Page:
On September 29 — Barbara Mertz’s birthday — we can happily celebrate a year during which Barbara’s legacy has flourished with the publication of her final novel, The Painted Queen — finished by her dear friend, Joan Hess. (For more on Hess’s labors, assisted by another Barbara friend, Salima Ikram, see our earlier blog post.…)
Painted Queen debuted at #7 on the New York Times bestseller list, and #5 on the Washington Post bestseller list. What a testament to the pent-up demand of many fans who had been waiting for this final chapter of the Amelia series! Chronologically, the final book was Tomb of the Golden Bird, published in 2006. Barbara said she wanted her beloved characters to go off into the sunset happily, and that she wanted to write the actual ending of the series while she was still at full strength in terms of her writing. She had commented admiringly on Agatha Christie’s similar decision to write the endings for her sleuths Miss Marple and Hercule Poirot long before the end of her writing career. But where Christie held the final books for publication until the very last, Barbara published her final Amelia and then went back to fill in “missing years” in the Peabody/Emerson chronicles. Queen is the last of these fill-in novels.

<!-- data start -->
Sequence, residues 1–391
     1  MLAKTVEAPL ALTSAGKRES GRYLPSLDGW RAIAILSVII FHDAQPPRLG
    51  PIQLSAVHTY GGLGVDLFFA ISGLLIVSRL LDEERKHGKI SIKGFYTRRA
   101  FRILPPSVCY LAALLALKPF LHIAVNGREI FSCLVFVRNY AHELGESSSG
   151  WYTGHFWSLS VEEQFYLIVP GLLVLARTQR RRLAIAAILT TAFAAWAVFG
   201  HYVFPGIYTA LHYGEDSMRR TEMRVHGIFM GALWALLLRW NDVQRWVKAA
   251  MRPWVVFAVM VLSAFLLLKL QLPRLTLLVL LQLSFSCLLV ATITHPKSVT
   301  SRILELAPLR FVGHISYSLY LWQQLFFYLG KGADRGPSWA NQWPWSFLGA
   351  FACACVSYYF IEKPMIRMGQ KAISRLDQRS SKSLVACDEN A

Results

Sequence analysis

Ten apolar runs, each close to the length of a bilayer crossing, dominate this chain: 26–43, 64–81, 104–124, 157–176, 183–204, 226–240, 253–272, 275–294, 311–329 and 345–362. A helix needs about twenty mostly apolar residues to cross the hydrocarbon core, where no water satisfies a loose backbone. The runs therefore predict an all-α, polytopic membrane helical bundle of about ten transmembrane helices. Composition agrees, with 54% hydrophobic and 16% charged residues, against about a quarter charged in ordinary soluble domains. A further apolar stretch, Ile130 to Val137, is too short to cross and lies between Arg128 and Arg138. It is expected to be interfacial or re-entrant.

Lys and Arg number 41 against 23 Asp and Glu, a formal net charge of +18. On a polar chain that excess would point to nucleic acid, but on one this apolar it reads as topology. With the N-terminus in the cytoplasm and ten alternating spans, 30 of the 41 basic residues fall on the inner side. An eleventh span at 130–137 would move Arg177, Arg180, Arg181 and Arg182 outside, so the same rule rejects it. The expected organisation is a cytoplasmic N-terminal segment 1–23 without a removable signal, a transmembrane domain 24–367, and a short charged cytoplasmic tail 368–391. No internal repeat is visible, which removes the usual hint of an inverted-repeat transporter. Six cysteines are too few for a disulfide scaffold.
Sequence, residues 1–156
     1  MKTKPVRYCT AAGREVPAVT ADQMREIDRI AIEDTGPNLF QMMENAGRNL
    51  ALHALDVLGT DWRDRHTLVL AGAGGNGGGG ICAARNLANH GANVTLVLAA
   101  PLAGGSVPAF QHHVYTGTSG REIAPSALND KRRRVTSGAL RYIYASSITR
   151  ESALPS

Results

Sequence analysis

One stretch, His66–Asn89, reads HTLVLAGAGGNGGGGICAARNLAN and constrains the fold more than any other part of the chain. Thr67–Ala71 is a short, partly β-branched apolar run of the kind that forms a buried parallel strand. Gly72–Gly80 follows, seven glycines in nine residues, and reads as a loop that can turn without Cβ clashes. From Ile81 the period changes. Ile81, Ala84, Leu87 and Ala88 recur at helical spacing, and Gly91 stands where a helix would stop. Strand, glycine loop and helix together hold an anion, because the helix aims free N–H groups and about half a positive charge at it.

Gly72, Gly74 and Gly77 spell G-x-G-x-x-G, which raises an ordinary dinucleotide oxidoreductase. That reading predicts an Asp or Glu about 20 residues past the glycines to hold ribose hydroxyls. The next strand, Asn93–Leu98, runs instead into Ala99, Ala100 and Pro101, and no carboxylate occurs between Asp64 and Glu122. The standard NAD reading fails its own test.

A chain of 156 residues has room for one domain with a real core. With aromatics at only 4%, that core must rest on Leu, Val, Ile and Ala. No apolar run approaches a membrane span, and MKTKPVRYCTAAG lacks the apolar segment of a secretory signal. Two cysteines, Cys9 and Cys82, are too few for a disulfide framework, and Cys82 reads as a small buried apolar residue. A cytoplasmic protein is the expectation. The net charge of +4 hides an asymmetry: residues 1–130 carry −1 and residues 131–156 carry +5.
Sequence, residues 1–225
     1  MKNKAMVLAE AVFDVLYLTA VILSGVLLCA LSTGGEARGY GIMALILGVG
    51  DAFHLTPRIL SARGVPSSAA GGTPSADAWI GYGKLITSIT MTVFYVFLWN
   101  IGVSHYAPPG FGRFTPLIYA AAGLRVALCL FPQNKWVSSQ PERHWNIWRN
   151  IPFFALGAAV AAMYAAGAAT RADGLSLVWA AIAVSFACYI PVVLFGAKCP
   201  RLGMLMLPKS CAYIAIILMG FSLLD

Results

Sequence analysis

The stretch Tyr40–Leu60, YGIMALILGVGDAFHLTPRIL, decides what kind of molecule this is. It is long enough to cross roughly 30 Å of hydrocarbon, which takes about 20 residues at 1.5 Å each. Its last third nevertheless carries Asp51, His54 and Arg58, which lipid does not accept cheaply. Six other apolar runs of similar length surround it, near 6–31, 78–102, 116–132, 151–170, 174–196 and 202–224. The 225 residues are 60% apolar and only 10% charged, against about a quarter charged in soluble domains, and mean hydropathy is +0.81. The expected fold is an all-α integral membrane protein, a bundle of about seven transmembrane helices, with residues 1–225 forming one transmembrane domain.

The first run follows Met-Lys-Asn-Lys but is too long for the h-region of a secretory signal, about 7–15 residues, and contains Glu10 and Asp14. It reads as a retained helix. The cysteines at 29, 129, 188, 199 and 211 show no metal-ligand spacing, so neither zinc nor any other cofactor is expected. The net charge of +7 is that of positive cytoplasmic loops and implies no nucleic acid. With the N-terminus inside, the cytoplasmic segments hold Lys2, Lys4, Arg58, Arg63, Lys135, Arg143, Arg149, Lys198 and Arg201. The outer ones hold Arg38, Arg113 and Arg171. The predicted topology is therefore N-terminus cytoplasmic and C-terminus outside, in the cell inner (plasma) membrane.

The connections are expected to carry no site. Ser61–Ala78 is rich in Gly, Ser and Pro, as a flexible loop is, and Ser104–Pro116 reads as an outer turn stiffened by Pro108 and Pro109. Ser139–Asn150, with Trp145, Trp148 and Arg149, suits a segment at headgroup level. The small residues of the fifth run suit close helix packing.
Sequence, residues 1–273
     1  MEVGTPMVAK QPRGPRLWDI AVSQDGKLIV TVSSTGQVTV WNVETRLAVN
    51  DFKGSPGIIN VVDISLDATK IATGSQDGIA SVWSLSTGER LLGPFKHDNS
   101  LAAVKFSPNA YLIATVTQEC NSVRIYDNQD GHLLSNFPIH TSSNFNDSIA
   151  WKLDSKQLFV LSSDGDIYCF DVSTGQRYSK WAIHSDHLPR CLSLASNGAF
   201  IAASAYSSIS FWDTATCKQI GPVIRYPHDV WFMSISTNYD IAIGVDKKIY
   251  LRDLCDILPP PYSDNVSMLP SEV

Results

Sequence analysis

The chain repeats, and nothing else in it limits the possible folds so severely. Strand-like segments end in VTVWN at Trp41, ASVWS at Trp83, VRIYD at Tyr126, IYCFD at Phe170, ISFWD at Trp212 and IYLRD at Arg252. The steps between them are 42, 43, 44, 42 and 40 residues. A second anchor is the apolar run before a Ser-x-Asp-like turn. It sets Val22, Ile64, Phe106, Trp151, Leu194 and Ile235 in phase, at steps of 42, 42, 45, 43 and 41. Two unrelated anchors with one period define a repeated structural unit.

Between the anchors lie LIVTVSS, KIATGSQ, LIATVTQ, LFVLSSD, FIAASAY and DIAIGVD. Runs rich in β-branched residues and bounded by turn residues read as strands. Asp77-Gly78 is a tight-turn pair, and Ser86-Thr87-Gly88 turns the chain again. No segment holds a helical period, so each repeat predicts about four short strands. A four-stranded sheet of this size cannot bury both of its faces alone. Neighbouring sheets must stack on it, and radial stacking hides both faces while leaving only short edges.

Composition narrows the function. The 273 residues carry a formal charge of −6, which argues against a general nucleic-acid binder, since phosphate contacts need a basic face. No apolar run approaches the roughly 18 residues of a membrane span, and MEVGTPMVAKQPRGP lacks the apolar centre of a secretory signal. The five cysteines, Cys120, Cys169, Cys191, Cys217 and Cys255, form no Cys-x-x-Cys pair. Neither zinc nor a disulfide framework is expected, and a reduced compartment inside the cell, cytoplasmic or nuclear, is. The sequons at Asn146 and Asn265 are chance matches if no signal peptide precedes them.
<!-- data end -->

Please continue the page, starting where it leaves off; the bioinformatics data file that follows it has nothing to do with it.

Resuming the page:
Barbara was so invested in this final novel that she actually asked friend — and voice of the Peabody/Emerson clan — Barbara Rosenblat to perform a public reading of the then-unfinished book. Rosenblat read this early part of the novel at a ceremony in which the Maryland Library Association honored Mertz — attending in the author’s stead because she was too ill at the time to go. Rosenblat assumed that the book would never be finished. As it turned out, she was able to do one more Amelia reading after all!
So, happy birthday — here’s to Barbara! — and to Joan and Salima and “Rosenblat” (affectionately) and to the whole community that continues to love and breathe life into the worlds that Peters and Michaels left us.
[**Readers of Silhouette in Scarlet will appreciate the picture above of a hand-cut silhouette made of Barbara many years ago. The other silhouette is from stationery Barbara had made for her “official” MPM Manor correspondence … the similarity to Amelia is unmistakable!]